Banner
  • Revenue Cycle Management
  • COVID-19
  • Reimbursement
  • Diabetes Awareness Month
  • Risk Management
  • Patient Retention
  • Staffing
  • Medical Economics® 100th Anniversary
  • Coding and documentation
  • Business of Endocrinology
  • Telehealth
  • Physicians Financial News
  • Cybersecurity
  • Cardiovascular Clinical Consult
  • Locum Tenens, brought to you by LocumLife®
  • Weight Management
  • Business of Women's Health
  • Practice Efficiency
  • Finance and Wealth
  • EHRs
  • Remote Patient Monitoring
  • Sponsored Webinars
  • Medical Technology
  • Billing and collections
  • Acute Pain Management
  • Exclusive Content
  • Value-based Care
  • Business of Pediatrics
  • Concierge Medicine 2.0 by Castle Connolly Private Health Partners
  • Practice Growth
  • Concierge Medicine
  • Business of Cardiology
  • Implementing the Topcon Ocular Telehealth Platform
  • Malpractice
  • Influenza
  • Sexual Health
  • Chronic Conditions
  • Technology
  • Legal and Policy
  • Money
  • Opinion
  • Vaccines
  • Practice Management
  • Patient Relations
  • Careers

Wellpoint ranked worst health insurance company in hospital survey

Article

Wellpoint took last place in a controversial survey of hospital executives’ opinions of big health insurance companies.

Wellpoint took last place in a controversial survey of hospital executives’ opinions of big health insurance companies.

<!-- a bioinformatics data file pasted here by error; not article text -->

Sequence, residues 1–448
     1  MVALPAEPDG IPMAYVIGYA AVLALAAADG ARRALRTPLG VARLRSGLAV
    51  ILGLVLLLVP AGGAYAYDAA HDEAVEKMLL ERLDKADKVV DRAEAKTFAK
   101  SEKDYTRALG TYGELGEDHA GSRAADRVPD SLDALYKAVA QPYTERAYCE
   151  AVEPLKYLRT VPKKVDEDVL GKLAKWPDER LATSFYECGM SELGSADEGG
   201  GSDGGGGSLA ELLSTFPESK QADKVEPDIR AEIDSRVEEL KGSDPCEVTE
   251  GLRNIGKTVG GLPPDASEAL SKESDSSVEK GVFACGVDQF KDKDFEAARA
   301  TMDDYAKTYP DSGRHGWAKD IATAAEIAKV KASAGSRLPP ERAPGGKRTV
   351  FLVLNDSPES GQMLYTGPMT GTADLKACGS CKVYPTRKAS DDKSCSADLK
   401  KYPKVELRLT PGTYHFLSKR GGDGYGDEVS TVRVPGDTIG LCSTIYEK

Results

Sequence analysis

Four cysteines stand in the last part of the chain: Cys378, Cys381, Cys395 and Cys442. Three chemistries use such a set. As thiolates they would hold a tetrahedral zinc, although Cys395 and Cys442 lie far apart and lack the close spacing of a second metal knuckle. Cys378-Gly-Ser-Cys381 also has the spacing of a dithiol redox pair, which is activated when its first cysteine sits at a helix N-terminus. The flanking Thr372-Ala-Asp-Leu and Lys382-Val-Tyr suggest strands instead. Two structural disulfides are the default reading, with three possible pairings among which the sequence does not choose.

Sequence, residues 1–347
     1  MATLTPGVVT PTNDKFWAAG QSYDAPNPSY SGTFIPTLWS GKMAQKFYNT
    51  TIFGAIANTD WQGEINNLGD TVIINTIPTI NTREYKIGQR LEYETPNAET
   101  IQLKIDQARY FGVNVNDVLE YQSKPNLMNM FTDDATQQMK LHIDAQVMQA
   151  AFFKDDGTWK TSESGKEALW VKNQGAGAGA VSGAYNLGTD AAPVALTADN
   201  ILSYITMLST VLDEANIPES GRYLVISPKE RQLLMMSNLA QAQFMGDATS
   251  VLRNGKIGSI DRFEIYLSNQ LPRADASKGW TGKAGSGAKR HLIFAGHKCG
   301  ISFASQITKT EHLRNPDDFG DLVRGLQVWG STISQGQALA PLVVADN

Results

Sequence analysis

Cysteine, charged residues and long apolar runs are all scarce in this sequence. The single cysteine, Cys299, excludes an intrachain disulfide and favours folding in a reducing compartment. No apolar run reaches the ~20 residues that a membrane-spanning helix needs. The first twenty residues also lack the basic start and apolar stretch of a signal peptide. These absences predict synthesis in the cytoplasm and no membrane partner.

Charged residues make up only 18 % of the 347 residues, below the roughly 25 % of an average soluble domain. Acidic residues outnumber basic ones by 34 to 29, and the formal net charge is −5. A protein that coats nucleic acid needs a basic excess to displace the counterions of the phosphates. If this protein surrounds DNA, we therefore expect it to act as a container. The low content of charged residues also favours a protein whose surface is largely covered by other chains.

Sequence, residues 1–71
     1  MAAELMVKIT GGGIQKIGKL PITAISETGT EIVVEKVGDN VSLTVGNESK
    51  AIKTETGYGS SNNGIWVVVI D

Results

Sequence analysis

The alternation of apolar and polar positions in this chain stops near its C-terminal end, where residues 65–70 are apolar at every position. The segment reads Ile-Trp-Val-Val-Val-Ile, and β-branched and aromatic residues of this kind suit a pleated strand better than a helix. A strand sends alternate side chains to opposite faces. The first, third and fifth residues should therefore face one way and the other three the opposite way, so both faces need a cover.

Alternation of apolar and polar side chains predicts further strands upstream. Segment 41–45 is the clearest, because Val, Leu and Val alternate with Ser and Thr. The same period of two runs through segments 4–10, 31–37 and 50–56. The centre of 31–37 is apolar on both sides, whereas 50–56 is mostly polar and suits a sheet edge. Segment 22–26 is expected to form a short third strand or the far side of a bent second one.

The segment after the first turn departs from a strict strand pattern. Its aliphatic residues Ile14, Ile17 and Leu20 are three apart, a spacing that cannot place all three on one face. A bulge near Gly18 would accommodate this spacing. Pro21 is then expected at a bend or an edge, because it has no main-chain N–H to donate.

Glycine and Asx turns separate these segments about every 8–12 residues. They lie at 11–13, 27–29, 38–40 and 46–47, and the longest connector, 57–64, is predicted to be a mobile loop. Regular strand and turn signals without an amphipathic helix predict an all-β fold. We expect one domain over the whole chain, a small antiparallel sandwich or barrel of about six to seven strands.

The Indianapolis, Indiana-based insurer claimed the dubious honor due to “how difficult the company is to deal with,” according to ReViveHealth, a communications company that works with hospitals and sponsors the annual survey.

“Wellpoint has earned its bottom spot in the 2012 survey this year through aggressive behavior with hospitals all over the country,” ReViveHealth said in a statement.

Survey respondents–typically hospital executives who negotiate managed care contracts–were asked to rank big insurance companies in more than a dozen categories, such as reputation, contract negotiation tactics, and claims processing issues.

The survey was sent to every hospital system in the United States and was completed by about 400 respondents, representing about 35% of U.S. hospitals.

Insurance companies didn’t take kindly to the annual survey, blasting it as unscientific, biased, and designed to curry favor with potential clients for ReViveHealth.

“We believe the Revive survey is inherently flawed and without merit,” a Wellpoint spokeswoman told Kaiser Health News.

Independent, nonprofit BlueCross plans were ranked the worst for payment rates for the second consecutive year, but the survey wasn’t all about how much hospitals are getting paid.

UnitedHealth ranked last in several non-rate categories, such as prompt payment of claims, honesty and candor in negotiations, and claims denials.

Blue Cross and Blue Shield Association’s chief medical officer dismissed the survey as public relations spin from a public relations firm.

“This survey is merely another tactic aimed [at] boosting payments for Revive’s clients without regard to the impact this has on millions of Americans who want and deserve affordable healthcare,” he said.

Related Videos
© National Institute for Occupational Safety and Health
© National Institute for Occupational Safety and Health
© National Institute for Occupational Safety and Health
© National Institute for Occupational Safety and Health
© National Institute for Occupational Safety and Health
© National Institute for Occupational Safety and Health